CHICAGO — Advice varies on when women should start getting screened for breast cancer and how often. The American Cancer Society revised its guidelines Tuesday, bringing them more in line with those of the U.S. Preventive Services Task Force, an influential government-appointed panel.
A comparison of the two groups:
American Cancer Society
—Mammograms: Start yearly scans at age 45, shift to every other year at age 55 and for as long as women are in good health and have a life expectancy of at least 10 years. Mammograms can still be an option for women who prefer to start in their early 40s who are informed of potential benefits and risks for false alarms.
—Physical breast exams by doctors: Not recommended.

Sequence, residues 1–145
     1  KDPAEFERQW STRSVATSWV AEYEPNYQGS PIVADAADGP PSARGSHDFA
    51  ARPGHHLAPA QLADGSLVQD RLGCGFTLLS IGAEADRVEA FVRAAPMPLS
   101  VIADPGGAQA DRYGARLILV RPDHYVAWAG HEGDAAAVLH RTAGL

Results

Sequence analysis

U.S. Preventive Services Task Force:
—Mammograms: Scans every other year starting at age 50, until age 74. More research is needed on potential benefits in women 75 and older. In draft of upcoming update: mammograms can still be an option for women who prefer to start in their 40s who are informed of potential benefits and risks.
—Physical breast exams by doctors: No recommendation for or against, citing lack of evidence on benefits or harms.
American Cancer Society: http://bit.ly/1c1F5QT
U.S. Preventive Services Task Force: http://bit.ly/1ILD3n7
AP Medical Writer Lindsey Tanner can be reached at http://www.twitter/com/LindseyTanner
Lindsey Tanner, The Associated Press